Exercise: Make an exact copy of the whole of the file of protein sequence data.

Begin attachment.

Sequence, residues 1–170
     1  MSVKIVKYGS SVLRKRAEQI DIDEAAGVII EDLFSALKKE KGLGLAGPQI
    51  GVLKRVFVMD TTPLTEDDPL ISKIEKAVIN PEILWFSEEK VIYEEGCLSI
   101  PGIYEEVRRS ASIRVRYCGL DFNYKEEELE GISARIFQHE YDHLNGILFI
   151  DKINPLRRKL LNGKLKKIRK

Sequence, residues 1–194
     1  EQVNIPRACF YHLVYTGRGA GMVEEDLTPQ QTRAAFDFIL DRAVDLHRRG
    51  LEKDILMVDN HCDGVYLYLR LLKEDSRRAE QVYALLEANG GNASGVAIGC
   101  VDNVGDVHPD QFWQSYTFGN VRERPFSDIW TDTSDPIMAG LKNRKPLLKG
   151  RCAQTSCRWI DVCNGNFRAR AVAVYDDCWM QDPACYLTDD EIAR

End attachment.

Sequence, residues 1–170
     1  MSVKIVKYGS SVLRKRAEQI DIDEAAGVII EDLFSALKKE KGLGLAGPQI
    51  GVLKRVFVMD TTPLTEDDPL ISKIEKAVIN PEILWFSEEK VIYEEGCLSI
   101  PGIYEEVRRS ASIRVRYCGL DFNYKEEELE GISARIFQHE YDHLNGILFI
   151  DKINPLRRKL LNGKLKKIRK

Sequence, residues 1–194
     1  EQVNIPRACF YHLVYTGRGA GMVEEDLTPQ QTRAAFDFIL DRAVDLHRRG
    51  LEKDILMVDN HCDGVYLYLR LLKEDSRRAE QVYALLEANG GNASGVAIGC
   101  VDNVGDVHPD QFWQSYTFGN VRERPFSDIW TDTSDPIMAG LKNRKPLLKG
   151  RCAQTSCRWI DVCNGNFRAR AVAVYDDCWM QDPACYLTDD EIAR